Posted Aug 30, 2007 07:01 pm CDT
Should a judge face an ethics complaint based simply on what he writes in a court opinion? No way, says Bruce Rogow, a law professor at Florida’s Nova Southeastern University. But attorney Wally Pope says the answer to that question depends on what the opinion says.
The two lawyers are opposing counsel in an unusual ethics complaint made against a Florida state appeals court judge over the opinion he wrote criticizing the ethics of a colleague on the appellate court bench. (As discussed in an earlier ABAJournal.com post, Judge Michael Allen’s opinion claimed that his colleague, Judge Charles Kahn, had improperly participated in an appeal of a politician’s bribery conviction.) Yesterday, the two attorneys appeared before Broward Circuit Court Judge Paul Backman, at a hearing on the state Judicial Qualification Commission’s ethics complaint against Allen, reports the Miami Herald.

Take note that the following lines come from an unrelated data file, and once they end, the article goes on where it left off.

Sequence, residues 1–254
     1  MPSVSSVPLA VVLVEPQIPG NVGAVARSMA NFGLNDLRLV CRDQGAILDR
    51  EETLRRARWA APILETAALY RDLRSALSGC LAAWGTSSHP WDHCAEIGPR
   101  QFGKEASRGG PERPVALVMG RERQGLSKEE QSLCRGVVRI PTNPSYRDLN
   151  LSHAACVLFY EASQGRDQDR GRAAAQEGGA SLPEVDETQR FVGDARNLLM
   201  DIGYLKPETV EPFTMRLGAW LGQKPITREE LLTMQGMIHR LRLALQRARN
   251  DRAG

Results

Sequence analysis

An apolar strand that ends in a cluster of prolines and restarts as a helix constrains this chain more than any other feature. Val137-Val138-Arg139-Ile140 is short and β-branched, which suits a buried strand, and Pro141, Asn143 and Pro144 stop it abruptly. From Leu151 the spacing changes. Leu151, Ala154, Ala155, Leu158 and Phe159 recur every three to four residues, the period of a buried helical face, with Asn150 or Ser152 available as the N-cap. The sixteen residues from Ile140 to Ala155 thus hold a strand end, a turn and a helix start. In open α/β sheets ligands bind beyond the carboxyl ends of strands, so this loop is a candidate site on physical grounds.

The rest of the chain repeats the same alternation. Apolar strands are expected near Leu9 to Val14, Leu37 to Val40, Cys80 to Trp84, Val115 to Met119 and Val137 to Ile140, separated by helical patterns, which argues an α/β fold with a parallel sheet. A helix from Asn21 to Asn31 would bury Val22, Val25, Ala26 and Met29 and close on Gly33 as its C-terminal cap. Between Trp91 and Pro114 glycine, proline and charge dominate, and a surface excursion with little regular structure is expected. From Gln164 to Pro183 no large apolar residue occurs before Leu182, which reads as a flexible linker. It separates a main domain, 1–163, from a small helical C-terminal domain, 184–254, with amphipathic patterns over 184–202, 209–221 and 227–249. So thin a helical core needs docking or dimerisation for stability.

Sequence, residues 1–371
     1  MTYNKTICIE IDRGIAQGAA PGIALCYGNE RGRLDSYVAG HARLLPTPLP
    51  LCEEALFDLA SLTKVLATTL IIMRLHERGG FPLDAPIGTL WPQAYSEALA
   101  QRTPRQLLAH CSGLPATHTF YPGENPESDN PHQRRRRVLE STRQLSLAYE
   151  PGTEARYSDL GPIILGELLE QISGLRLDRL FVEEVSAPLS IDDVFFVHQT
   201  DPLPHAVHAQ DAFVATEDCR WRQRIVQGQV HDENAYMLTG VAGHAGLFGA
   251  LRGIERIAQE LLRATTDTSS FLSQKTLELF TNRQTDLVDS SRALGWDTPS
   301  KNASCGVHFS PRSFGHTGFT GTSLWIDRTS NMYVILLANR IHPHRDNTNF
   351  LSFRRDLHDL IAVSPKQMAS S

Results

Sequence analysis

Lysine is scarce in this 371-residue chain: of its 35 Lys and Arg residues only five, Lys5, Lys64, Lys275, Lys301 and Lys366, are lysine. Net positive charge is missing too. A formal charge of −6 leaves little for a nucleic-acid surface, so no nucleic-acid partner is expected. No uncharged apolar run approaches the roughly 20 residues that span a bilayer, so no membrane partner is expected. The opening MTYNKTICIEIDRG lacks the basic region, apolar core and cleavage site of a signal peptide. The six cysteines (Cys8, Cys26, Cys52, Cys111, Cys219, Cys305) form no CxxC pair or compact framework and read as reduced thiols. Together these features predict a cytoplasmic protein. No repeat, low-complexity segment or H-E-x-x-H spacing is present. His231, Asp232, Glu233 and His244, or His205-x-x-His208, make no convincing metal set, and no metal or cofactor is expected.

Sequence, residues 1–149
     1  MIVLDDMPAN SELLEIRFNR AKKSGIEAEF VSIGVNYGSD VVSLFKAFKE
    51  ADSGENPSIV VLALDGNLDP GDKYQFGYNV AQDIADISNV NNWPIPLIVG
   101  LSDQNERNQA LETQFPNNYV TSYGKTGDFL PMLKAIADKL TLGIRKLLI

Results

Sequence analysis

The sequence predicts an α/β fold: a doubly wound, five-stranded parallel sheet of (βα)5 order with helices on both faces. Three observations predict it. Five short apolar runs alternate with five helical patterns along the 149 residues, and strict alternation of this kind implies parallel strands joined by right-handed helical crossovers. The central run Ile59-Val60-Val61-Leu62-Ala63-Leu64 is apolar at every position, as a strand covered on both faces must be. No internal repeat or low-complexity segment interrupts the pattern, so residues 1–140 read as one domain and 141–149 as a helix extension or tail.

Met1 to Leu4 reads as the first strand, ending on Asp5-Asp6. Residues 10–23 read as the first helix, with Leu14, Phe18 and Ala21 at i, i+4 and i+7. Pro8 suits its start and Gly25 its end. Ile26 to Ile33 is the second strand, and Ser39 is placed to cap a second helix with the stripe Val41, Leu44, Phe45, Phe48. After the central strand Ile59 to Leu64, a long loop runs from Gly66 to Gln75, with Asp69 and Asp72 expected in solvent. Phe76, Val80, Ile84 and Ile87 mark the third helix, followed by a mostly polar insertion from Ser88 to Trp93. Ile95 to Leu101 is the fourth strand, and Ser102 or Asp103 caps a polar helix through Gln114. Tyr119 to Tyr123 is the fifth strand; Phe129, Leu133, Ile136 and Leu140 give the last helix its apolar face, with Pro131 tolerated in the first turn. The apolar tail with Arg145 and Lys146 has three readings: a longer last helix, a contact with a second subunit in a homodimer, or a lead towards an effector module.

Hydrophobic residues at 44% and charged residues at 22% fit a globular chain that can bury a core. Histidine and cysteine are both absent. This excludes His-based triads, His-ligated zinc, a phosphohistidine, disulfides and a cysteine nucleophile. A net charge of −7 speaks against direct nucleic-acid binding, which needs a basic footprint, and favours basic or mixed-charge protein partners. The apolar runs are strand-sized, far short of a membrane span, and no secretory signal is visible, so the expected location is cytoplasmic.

Rogow, who represents Allen, asked Backman to dismiss the case, saying it is ”unprecedented” to file an ethics complaint against a judge based only on what he wrote in a legal opinion. Further, an ethics charge against a sitting judge is appropriate only if his alleged actions are so severe that they could warrant removal from the bench, Rogow contended.
But Pope, who represents the judicial commission, said Allen’s criticism of Kahn in the opinion was appropriately the subject of an ethics complaint against Allen. That’s because Allen’s comments undermined the public’s confidence in the judiciary and suggested Kahn was corrupt, even though no one had asked Kahn to recuse himself, Pope argued. He also said Allen, when he criticized Kahn, relied on unverified newspaper articles.
Backman said he plans to rule ASAP on a motion to dismiss.